Jay-Z is the American Gangster

New album from the hip-hop king earns an ‘A’

By David Nasongkhla

It’s safe to say Jay-Z is back at the top of his game. His last album Kingdom Come was solid, but it wasn’t the return to hip-hop most fans wanted, or even expected. However, American Gangster reasserts Jay-Z as hip-hop’s greatest wordsmith, and he undeniably delivers.

Jay-Z was inspired to make Gangster from a early special screening of Denzel Washington’s film of the same name. Jay’s Gangster is in itself a mini-movie, without the visuals. He tells the story of a Brooklyn teen getting into the drug scene and staying in it. Jay performs it in character, as if it were a series of monologues crafted into a one-man show, even though Gangster is far from a one-man effort. Beats on the album were produced by Diddy’s Hitmen team, as well as Pharrell Williams, Jermaine Dupri, Kanye West and Just Blaze.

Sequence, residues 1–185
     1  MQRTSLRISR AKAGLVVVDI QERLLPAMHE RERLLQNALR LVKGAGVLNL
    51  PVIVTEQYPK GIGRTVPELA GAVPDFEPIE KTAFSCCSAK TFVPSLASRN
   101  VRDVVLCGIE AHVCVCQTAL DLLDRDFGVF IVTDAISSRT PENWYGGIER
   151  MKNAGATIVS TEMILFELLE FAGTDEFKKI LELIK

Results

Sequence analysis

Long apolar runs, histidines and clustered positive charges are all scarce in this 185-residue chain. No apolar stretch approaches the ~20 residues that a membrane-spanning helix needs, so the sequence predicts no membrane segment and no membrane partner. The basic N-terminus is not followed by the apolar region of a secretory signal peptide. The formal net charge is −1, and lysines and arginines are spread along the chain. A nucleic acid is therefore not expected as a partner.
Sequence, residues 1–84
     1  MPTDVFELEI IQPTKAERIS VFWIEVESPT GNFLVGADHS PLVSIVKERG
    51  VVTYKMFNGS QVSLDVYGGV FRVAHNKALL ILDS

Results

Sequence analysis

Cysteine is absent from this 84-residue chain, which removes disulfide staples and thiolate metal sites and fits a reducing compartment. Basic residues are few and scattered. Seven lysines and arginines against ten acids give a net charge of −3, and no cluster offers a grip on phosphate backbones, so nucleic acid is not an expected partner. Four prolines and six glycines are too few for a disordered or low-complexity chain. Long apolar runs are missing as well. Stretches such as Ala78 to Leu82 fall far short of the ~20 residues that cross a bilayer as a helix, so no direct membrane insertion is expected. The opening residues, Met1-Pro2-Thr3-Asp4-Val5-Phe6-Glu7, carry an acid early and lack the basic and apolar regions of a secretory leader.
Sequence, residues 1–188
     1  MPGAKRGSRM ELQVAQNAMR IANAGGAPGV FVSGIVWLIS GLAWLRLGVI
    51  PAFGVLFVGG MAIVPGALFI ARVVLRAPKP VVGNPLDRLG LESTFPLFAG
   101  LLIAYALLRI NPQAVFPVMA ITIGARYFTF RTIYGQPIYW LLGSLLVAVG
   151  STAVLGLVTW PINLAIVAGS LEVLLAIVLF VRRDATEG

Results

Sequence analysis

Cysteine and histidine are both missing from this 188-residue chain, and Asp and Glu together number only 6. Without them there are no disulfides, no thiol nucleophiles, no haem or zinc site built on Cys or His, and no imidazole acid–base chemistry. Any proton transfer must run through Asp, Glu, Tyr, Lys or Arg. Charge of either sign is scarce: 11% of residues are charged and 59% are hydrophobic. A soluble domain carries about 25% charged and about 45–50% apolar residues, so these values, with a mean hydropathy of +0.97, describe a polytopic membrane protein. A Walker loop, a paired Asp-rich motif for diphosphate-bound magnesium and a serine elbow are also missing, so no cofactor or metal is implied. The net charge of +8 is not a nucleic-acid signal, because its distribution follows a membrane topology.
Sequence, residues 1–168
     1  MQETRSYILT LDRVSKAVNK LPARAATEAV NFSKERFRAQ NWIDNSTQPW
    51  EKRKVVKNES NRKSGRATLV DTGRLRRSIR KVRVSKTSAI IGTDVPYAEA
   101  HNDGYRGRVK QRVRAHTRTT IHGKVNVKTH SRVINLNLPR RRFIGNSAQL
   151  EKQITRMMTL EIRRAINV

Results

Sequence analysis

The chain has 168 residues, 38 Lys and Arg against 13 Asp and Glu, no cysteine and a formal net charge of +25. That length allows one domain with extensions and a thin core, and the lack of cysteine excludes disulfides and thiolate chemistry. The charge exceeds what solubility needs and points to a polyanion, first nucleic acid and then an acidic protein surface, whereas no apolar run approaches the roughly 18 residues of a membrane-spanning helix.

The titles of the tracks could be compared to the chapters of a film. The album starts early on with “American Dreamin’” and progresses to tracks like “Hello Brooklyn 2.0” and “Success.” Finally, the end of the album falls on the track, and final stop of the character arc, “American Gangster.”

Not only does this album tell a story, but it also is a commentary on recent attacks on hip-hop’s violence and language, and offers a line about the Don Imus controversy.

American Gangster is proof that Jay-Z hasn’t lost his gift of making some of the most unquestionably inventive and solid hip-hop music. On the track “Roc Boys” he proclaims, “This is black superhero music.” Bold words, but it’s hard to argue with someone who’s come back twice and remains the genre’s most thrilling voice.

Album grade: A